“If we ignore sea-level rise, flood damages will progressively rise and presently good defenses will be degraded and ultimately overwhelmed,” says co-author Robert Nicholls, professor of coastal engineering at the University of Southampton. “Hence we must start to adapt now, be that planning higher defenses, flood proofing buildings, and strategically planning coastal land use.”

One of the many challenges facing Hawai’i today is how coastal development tends will adjust to Climate Change impacts — re-actively or proactively.   To be sure, short-term interests of real-estate and tourism companies dominate, and both business sectors would prefer to build near the waterline with little thought about the future consequences of rising sea levels and storm surges.   Regardless of how much sea-level rise climate change brings, careful long-term strategic planning can ensure that development in high-risk flood zones is appropriately designed or avoided. Today, this long-term perspective is absent among most policy leaders in Hawai’i and elsewhere.  

 

This forum took place on November 17, 2016, at 6 pm at West Hawai'i Civic Center, Council Chambers.

To learn more about each Forum featured speaker, click onto the presenter's name listed below their picture.


This event was moderated by:

John DeFries
Director, Department of Research and Development
Bill Bugbee
Community Forums

The event's featured speakers were:

Bruce S. Anderson, PhD.
DLNR Division of Aquatic Resources (DAR)
Bill Bugbee
Community Forums
Scott Glenn, AICP
State of Hawaiʻi Office of Environmental Quality Control
Abby G. Frazier, Ph.D.
Pacific Islands Climate Science Center (PICSC)

Speaker Presentation Materials

The presenters have graciously allowed us to post their presentation notes.


Subject Support Materials

Please see support material for this subject Forum.


Forum Session Video

View the recorded session here:


Ask the Presenters a Question

The following contains online Questions posed to this Forum's Presenters and the Answers they provided.

TO ALL PANEL MEMBERS:

It seems that climate change effects to Hawaii would be from impacts of severe wind or rainstorms or temperatures that would affect our shorelines and higher land terrains.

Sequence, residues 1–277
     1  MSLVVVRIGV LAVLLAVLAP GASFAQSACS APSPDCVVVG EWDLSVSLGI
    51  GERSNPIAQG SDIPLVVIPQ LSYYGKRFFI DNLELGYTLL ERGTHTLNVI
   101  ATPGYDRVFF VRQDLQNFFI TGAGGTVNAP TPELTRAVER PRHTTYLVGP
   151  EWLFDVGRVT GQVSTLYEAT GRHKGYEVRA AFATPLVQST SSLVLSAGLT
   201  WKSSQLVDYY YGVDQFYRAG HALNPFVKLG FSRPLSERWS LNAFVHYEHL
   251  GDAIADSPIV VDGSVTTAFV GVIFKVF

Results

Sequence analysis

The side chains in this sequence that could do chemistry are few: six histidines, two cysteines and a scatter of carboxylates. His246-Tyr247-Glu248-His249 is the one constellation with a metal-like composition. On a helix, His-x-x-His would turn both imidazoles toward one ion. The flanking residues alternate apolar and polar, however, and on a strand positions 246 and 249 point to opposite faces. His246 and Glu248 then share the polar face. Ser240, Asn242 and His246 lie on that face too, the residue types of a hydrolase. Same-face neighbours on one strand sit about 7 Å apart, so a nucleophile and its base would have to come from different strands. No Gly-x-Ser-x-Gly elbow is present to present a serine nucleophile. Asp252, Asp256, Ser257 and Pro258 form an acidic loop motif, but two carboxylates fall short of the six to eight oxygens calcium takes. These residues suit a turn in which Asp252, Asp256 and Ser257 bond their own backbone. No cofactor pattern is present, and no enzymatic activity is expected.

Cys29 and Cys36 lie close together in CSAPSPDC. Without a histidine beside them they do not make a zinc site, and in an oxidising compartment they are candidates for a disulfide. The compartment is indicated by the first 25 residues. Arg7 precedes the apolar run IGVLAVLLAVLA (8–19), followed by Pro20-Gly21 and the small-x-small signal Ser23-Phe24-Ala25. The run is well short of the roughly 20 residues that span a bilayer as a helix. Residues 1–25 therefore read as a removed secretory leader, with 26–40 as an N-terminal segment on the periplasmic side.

What and how can the State, County, and local municipalities adopt policies to prepare for eventualities in the future? Policies and actions should be participatory for all people including the rich and ordinary.

Would the approach to climate change concerns be accomplished by statutes, advocacy, or by wisdom?


Forum Synopsis

This excellent community question captures the essence of last night’s discussion.

The Climate Change Challenge Forum was West Hawaii Forum series at its best.  The Forum also included a full house of attendees representing the greater West Hawaii Community attended – thank you all for attending.

Last night’s Forum (Nov 17th) included presenters from Federal, State, and County agencies. Each presenter provided an excellent summary on the state of Climate impacts on Hawaii, global warming mitigation and abatement efforts now underway, the policies supporting these activities, and a look ahead on what Hawai’i Island can expect from a changing climate that holds significant consequences for all our island residents and economy.  Beyond the highly informative scientific analysis and policy review, John DrFries provided the audience insights into the deep links between Hawaiian culture and living in balance with Hawaii’s natural treasuries of the land, sea, air, and all living creatures – now threatened by human-produced global warming emissions.

An equally important take away from this Forum is how local efforts at the state level (now underway) can make a difference preparing for and slowing Climate Change.

I encourage all to revisit our web site in the coming days and view on NaLeo TV and also from this web site (on-line and on-demand) last night’s Forum additional content we have included on this most of important of issues.   The Forum’s individual speaker presentations are also available, providing detailed information and are now available for viewing within this site.

Mahalo,

Bill Bugbee

Director, Digital Media, Community Enterprises